Manitoba Premier Wab Kinew (front) was joined by Environment and Climate Change Minister Tracy Schmidt (left) at a media conference at the Anola Community Centre in the RM of Springfield near Winnipeg on Friday, Feb. 16, 2024, where the province announced they will not grant an environmental license to a proposed silica sand mine project in Springfield.Dave Baxter, Local Journalism Initiative Reporter

Applause erupted in a rural Manitoba community centre on Friday when the premier and the environment minister announced they are putting the axe to a sand mine project that has been at the centre of heated controversy in a small Manitoba community.

“Today we are saying no to Sio,” Manitoba Premier Wab Kinew said at a media conference held at the Anola Community Centre in the RM of Springfield Friday morning.

“Sio Silica will not be able to mine silica sand in this region, they will not be able to drill into the aquifers, and Manitoba families can rest easy knowing that your drinking water will stay pristine.”

Kinew’s announcement Friday morning led to an extended round of applause among many of the Springfield residents who gathered at the community centre and got the news that many of them had been hoping to hear.

Plans had been in the works for about four years for Calgary-based Sio Silica to build a silica mine and processing plant near Vivian east of Winnipeg. The project called for up to 7,700 wells over 24 years to extract ultra-pure silica sand, which can be used in the production of solar panels, batteries, and semiconductors.

But those plans weren’t welcomed by many who live in Springfield, as residents and some local politicians have said the methods the mine would have used to extract sand could pose a serious risk to aquifers that provide drinking water to approximately 100,000 Manitobans.

Kinew said that after a lengthy review of a Clean Environment Commission (CEC) report that was released last year, the province agreed that allowing the project to move forward would be something that would pose far too many “risks and unknowns.”

“We reviewed the CEC report, we spoke with department experts, we listened to the concerns of the community and after careful consideration we said no to Sio,” Kinew said.

Kinew added, “The business case does not outweigh the serious environmental risks that this project poses.”

Environment and Climate Change Minister Tracy Schmidt, who also spoke at Friday’s announcement, echoed Kinew’s comments that there were too many risks involved in the way that the company wanted to mine for silica sand in the region.

“This is a novel and unproven method that the proponent is proposing,” she said. “No one knows what the long-term effects of this proposal would be, and worst-case-scenario, it could be absolutely disastrous for the people who rely on these aquifers.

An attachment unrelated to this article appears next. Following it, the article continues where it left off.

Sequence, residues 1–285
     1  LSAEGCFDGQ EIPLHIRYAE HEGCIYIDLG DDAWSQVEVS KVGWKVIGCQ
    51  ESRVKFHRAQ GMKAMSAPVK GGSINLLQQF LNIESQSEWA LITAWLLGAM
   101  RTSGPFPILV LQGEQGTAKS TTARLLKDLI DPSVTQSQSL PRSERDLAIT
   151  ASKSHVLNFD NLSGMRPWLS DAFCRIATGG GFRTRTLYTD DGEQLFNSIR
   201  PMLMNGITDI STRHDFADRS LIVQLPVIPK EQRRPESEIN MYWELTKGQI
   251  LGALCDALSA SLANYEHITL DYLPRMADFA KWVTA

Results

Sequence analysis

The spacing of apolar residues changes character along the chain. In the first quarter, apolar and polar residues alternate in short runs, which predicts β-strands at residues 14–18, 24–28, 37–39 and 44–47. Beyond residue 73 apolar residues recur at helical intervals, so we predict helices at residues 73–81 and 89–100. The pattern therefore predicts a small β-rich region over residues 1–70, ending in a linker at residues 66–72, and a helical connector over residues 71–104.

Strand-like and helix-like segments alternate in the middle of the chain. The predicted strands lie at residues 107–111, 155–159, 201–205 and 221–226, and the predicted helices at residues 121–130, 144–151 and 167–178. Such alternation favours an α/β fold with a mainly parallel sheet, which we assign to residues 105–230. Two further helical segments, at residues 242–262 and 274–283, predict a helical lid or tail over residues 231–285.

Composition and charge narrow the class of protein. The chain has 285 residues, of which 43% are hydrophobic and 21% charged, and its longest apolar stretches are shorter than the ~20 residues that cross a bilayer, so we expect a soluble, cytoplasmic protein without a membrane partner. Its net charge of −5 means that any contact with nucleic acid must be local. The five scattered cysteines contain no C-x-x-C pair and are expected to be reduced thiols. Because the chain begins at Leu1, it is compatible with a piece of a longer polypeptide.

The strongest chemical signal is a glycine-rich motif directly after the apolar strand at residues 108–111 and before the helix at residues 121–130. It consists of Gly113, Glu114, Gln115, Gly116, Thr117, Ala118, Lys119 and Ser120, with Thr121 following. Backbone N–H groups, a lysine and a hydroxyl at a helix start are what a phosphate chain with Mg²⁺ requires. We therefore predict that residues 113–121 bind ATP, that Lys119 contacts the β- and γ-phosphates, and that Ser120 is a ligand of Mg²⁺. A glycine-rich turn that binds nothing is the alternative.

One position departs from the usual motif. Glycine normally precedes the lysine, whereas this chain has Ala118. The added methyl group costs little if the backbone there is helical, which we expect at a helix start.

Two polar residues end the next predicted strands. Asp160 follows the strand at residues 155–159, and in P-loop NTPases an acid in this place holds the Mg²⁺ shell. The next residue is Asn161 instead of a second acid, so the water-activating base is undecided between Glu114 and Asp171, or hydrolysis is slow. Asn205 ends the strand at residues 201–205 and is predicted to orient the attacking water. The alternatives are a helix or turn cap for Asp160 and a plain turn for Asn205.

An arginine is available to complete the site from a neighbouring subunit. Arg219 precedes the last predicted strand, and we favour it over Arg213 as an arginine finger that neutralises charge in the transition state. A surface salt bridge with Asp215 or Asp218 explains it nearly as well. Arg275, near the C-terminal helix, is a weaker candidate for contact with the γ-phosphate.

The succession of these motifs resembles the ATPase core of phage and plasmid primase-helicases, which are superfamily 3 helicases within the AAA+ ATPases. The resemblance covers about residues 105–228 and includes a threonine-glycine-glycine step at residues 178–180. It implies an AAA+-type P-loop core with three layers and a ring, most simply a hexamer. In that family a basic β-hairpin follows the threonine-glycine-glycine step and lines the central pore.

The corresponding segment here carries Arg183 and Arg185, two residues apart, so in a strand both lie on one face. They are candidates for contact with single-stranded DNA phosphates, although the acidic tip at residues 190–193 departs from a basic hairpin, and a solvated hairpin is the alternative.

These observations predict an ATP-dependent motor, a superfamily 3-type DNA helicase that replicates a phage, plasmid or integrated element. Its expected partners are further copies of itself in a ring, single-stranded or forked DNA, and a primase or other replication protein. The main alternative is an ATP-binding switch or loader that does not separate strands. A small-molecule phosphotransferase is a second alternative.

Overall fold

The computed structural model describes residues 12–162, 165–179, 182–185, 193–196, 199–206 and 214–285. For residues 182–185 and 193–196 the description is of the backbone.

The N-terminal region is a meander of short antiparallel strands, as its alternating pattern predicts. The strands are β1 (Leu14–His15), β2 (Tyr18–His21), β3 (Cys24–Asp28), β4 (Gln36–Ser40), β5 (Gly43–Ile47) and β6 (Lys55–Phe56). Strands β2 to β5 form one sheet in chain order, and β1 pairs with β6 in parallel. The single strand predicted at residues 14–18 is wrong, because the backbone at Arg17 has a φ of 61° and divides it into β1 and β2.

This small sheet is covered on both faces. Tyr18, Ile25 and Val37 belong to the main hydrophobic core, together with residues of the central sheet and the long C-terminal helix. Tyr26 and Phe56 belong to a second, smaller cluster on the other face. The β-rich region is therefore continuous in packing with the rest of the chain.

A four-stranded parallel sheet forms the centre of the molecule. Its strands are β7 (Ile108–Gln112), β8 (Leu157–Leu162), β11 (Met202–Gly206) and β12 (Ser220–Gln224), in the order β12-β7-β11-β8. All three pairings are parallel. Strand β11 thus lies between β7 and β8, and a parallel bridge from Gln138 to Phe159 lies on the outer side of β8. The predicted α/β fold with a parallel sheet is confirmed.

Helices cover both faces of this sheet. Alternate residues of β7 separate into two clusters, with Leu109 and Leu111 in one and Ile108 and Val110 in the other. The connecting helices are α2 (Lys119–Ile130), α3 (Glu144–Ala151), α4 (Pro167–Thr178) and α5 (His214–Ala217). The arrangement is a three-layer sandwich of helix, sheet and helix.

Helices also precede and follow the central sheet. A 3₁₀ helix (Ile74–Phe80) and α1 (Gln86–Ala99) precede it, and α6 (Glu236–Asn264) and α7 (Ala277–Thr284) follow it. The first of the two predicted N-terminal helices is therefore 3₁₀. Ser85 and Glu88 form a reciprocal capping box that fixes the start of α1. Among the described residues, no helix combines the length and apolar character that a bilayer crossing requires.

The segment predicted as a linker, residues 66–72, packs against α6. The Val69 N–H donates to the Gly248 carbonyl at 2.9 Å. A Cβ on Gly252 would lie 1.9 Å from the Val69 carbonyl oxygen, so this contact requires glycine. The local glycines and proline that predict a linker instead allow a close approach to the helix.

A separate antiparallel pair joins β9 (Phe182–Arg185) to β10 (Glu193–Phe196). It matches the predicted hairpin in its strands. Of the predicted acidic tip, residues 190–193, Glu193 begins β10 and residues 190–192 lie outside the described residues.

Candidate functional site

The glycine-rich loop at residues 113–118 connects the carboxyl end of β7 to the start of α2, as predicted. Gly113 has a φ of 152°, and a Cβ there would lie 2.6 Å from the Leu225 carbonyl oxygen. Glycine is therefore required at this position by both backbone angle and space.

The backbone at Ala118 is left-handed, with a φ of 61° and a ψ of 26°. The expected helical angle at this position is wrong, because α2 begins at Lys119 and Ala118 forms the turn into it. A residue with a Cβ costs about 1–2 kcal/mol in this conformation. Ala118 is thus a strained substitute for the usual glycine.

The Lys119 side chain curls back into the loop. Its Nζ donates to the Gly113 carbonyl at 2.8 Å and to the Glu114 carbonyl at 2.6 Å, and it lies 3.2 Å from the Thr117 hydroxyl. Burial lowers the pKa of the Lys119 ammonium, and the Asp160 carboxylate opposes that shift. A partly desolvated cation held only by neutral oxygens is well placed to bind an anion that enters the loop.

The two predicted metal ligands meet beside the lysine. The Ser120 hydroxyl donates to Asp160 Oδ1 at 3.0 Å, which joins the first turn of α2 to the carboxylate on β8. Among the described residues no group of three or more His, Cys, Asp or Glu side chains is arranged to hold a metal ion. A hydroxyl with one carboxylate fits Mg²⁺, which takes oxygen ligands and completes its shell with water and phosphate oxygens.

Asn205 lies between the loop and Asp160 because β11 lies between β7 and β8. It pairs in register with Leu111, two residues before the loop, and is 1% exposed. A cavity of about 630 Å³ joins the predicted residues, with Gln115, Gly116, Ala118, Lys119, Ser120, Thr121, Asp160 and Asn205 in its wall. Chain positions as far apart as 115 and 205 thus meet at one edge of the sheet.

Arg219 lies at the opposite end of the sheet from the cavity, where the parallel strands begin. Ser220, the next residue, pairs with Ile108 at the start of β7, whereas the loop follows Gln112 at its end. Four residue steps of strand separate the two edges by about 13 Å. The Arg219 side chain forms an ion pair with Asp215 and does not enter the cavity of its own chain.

“This decision comes after months of careful review by our government, our departments and the CEC, and all of them have identified serious concerns and unknowns about this project.”

Long-time Springfield resident Darryl Speers has been one of many Springfield residents who have been in opposition to the project for more than a year, and he has attended several rallies to voice opposition to the mine in the past few months.

He said Friday’s announcement was a relief, but also an “affirmation” that the concerns of Springfield residents were legitimate.

“We feel affirmed now, because sometimes when you stand up like this you get accused of fear-mongering, but this was not fearmongering,” Speers said.

“I have been doing research, as have many others since this was first announced, and I know that Sio Silica has never proven without any doubt that this is safe.”

Springfield councillors Andy Kuczynski and Mark Miller have been at the forefront of a months-long campaign opposing the mine, and Kuczynski said Friday he believes the NDP has made the right decision to kill the project.

“It’s a good day for the community,” Kuczynski said.

He added he believes the ongoing opposition to the project over many months from Springfield residents and from him and Miller opened up a larger conversation that made more Manitobans aware of the potential risks that the mine posed.

“Yes I think we brought it out into the open, but that’s what we were voted in to do,” Kuczynski said. “The majority of residents didn’t want this, and we have a mandate to work for the people, so we could not just be silent on this.”

In a statement released Friday, Sio Silica called the decision a “loss” for Manitoba, and disputed the province’s assertions that the methods they would have used for extraction have not been proven to be safe.

“The Sio Silica project is not unsafe or unproven, the safety and feasibility to proceed has been confirmed by some of the largest global engineering firms and respected independent experts,” the company said. “This is a huge loss for Manitoba and for Canada as a whole.”

Sio Silica added they will evaluate its legal options now that the environmental license has been denied.

“Sio remains hopeful that the government will be open to discussing solutions that are grounded in science, and does not squander this multi-generational opportunity for the people of Manitoba,” they said.

“Sio will take the coming weeks to evaluate its legal options in the face of the minister’s decision today.”

— Dave Baxter is a Local Journalism Initiative reporter who works out of the Winnipeg Sun. The Local Journalism Initiative is funded by the Government of Canada.

By Dave Baxter, Local Journalism Initiative Reporter

Original Published on Feb 16, 2024 at 16:43

This item reprinted with permission from    The Sun    Winnipeg, Manitoba
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